Solomon Islands is home to over 720,000 people who rely on bridges to connect to communities and access economic opportunities. Like many countries in the Pacific region, Solomon Islands is highly vulnerable to the impacts of climate change and natural hazards. Each year, natural hazards destroy or severely damage critical infrastructure such as bridges, leading to loss of life, injury, and disruption to social and economic activity. Maintenance delays can also strain infrastructure, leaving them more vulnerable to damage.
In 2019, we began a study, funded by the World Bank, investigating the implementation of innovative bridge technologies in the Pacific. Our study included an assessment of long-term design life modular bridge options available for implementation in the Pacific.
Modular bridges comprise pre-cast concrete or prefabricated steel bridge sections, ideal for short, single-span bridge crossings between ten and 20 metres. Their standardised components can be rapidly assembled and easily replaced if damaged in a natural disaster.
Through this study, we shortlisted modular bridges appropriate to meet the Pacific region’s infrastructure needs and enhance resilience. The project also included performance monitoring of a pilot project in Solomon Islands and Vanuatu.
Our project team combined technical engineering specialists with members of our International Development team with a strong contextual understanding of the region. Our assessment considered bridge spans, design standards, vehicle loading, number of lanes, design life, exposure conditions, supply, installation, and constructability.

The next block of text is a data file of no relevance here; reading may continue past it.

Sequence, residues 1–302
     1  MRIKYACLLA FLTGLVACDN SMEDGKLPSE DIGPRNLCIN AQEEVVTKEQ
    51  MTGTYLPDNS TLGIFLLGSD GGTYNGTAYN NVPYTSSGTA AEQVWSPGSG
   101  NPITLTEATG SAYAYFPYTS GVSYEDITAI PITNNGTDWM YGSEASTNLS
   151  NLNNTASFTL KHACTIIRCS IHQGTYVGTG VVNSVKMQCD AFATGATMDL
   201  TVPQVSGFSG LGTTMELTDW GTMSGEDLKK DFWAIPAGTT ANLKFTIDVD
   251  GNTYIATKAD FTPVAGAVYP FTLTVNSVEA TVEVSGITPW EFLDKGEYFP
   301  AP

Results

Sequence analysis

Using our findings, we supported the publication of a World Bank Technical Guidance Note on Implementation of Innovative Bridge Technologies, focusing on the Solomon Islands pilot and providing the methodology and lessons learned from the study for other Pacific countries to consider when implementing modular bridges.
2 Pacific countries considered for the pilot projects
19modular bridge options assessed
3bridge sites visited by our team
Learning with Solomon Islands
Our team travelled to three bridge sites in Solomon Islands to work with government and industry stakeholders to share our desk-top study findings. During this visit, we co-created contextual selection criteria to assess bridges within Solomon Islands with stakeholders through a capacity building and pilot study review workshop. In this workshop, we identified vital criteria for bridge project success in Solomon Islands including logistics, ease of transport, construction, hydrology, future land use and planning, scale of infrastructure work and identification of local suppliers.
The challenges faced in Solomon Islands can be different from experiences elsewhere, for example, transporting bridge components requires an access road that can handle the weight of the vehicles and construction equipment. Modular bridge components are lighter and easily supported by existing infrastructure in Solomon Islands.
Enhancing resilience through modular bridge use
Modular bridges open new avenues for addressing post-disaster situations by facilitating the rapid reopening of permanent critical infrastructure. Their speed of construction helps communities restore the transport connection much faster than a traditional bridge, increasing the community's resilience.
Our assessment noted if a modular bridge is damaged during a natural disaster, its standardised modular nature will allow road authorities to order replacement parts or have them on hand quicker than traditional construction methods.
The research has created awareness of the potential to apply modular bridge technologies within other local contexts in the Pacific with some key lessons learned to guide others through the process.
Our research is also being put into action with two modular bridges being constructed in Malaita, Solomon Islands, under the Solomon Islands Roads and Aviation Project, and planned construction for two more modular bridges in Santo, Vanuatu under the Vanuatu Climate Resilient Transport Project, both funded by the World Bank.